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Seed Starting Tray Buyer’s Guide

Plastic seed tray

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Seed trays are essential for starting seeds and cuttings. Seed trays are commoly lightweight plastic, biodegrable paper, or compressed peat trays divided into separate cells, like a muffin tin, for growing individual seedlings.

Seed tray cells are usually 2 to 3 inches deep and up to 3 inches square or round. Some seed tray cells can be as small as 1 inch deep and 1 inch in diameter. Seed trays vary in size from small six packs (approximatley 4 by 8 inches) to as large as 12 by 20 inches or larger. Some seed trays come with a flat tray underneath to catch excess water. Some come with a plastic top or dome to create a small greenhouse.

There are many options available in the market. It can be overwhelming to know which one is the best fit for your needs. Here is a guide to seed trays and how they are used.

Biodegradable seed starting tray
Biodegradable seed starting tray

Types of seed starting trays

Choose a seed tray that suits your specific needs. There are various types available, including individual cell trays, multi-cell trays, and open flat trays. Individual cell trays are ideal for larger seeds or plants that require ample space, as each cell provides enough room for seedlings to develop. Multi-cell trays are perfect for smaller seeds or plants that can be closely spaced, as they provide multiple compartments in which to sow your seeds. Open flat trays, on the other hand, are versatile and can accommodate seeds of various sizes, allowing for greater flexibility.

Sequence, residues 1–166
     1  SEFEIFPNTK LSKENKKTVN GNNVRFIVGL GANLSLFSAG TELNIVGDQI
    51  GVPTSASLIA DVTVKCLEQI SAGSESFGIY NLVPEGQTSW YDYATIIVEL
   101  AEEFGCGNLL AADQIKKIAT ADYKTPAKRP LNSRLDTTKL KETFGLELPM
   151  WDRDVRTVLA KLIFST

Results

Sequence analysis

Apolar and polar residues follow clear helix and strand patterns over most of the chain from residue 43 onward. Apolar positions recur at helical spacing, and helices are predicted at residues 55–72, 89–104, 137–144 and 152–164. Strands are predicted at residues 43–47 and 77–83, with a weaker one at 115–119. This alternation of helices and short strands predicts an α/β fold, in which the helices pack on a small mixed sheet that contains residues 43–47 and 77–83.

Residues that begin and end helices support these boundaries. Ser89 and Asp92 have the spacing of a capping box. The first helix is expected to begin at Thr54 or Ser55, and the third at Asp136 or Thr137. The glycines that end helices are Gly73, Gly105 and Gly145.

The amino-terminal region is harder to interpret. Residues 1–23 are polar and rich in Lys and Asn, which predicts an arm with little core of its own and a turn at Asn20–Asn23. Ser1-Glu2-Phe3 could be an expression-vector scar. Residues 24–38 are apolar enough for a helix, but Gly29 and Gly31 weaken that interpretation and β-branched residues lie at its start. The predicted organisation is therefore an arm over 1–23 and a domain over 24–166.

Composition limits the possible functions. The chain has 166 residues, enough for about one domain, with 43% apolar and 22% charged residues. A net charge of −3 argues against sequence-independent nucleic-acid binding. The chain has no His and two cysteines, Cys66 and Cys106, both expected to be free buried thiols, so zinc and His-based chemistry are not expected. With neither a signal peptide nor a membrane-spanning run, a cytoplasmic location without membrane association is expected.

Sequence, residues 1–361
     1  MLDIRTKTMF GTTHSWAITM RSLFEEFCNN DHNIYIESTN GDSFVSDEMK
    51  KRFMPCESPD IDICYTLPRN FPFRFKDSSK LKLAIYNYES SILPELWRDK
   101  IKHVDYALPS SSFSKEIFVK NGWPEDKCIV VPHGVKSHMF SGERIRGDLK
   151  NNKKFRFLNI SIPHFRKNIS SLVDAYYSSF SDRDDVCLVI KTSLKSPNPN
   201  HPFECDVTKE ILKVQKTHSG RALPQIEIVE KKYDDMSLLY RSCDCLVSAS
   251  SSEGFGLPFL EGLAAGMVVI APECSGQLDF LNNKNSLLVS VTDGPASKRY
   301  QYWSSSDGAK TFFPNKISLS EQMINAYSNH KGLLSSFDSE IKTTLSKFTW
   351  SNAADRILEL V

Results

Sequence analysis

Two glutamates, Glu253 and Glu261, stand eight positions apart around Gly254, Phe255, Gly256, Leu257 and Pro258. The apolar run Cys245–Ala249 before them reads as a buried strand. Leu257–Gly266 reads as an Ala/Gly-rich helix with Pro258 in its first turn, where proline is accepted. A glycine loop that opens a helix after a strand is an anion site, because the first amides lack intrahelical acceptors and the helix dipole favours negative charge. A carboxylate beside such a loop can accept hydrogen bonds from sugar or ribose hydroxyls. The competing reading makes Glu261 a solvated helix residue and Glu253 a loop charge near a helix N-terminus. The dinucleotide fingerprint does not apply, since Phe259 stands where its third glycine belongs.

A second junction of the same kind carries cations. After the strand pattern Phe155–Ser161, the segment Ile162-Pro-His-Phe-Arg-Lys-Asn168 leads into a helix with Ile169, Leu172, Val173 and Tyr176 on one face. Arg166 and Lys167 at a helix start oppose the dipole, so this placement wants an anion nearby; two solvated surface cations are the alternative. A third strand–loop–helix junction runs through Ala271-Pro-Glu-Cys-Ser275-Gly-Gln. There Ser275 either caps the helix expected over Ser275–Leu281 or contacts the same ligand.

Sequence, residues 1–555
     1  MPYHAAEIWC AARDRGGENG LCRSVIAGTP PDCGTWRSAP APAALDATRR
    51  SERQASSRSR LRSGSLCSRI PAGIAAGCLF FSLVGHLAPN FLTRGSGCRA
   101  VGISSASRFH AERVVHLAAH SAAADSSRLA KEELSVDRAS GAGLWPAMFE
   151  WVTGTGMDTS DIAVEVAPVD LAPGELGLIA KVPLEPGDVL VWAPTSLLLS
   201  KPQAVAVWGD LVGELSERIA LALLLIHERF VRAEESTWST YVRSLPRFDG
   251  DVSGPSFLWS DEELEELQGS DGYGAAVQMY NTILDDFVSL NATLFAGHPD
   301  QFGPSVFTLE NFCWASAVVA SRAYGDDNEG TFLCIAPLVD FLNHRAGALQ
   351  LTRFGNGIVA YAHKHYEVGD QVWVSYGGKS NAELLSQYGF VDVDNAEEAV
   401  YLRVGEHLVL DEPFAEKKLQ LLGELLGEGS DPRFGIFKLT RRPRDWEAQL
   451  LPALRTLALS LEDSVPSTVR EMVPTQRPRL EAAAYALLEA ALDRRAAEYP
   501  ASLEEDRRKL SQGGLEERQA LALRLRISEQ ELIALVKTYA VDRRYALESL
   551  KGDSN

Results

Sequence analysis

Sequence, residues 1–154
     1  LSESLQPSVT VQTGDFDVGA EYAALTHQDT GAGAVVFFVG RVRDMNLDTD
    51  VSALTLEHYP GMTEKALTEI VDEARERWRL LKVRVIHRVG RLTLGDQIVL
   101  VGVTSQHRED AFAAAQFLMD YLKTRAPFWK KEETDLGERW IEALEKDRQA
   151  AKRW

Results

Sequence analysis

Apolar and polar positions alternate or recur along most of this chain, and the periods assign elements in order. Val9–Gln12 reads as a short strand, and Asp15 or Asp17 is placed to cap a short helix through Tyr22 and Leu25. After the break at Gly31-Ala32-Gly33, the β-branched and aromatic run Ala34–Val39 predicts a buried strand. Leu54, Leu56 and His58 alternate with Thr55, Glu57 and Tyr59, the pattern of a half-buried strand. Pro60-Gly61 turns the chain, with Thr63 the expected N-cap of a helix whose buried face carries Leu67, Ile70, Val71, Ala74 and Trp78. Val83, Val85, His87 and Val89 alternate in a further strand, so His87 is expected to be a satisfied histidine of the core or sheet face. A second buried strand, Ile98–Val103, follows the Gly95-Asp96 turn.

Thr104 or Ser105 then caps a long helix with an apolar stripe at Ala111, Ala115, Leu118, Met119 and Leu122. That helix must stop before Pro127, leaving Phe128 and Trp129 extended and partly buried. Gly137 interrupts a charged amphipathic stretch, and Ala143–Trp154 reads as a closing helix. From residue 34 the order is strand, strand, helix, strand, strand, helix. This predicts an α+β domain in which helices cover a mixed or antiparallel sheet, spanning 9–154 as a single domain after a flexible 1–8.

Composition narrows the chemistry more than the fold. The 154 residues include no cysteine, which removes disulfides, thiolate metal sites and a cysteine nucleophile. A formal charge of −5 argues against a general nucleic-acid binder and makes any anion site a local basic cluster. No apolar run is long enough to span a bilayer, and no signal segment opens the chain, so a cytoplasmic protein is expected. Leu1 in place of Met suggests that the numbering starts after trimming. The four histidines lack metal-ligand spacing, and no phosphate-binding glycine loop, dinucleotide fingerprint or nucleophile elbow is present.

Plastic sectioned starting tray

Lightweight plastic tray divided into separate cells usually 2 to 3 inches deep and up to 3 inches square or round. Plastic trays can be very thin and light or heavier. Some have flexible bottoms that allow rooted seedlings to be pushed out of the tray from the bottom.

Sectioned fiber seed tray

Compressed paper fiber or peat trays are similar in size and depth to plastic trays. Sometimes sold with plastic trays that they fit beneath the setioned tray to catch water that drips through. Some are designed especially to fit onto windowsills, called windowsill sets.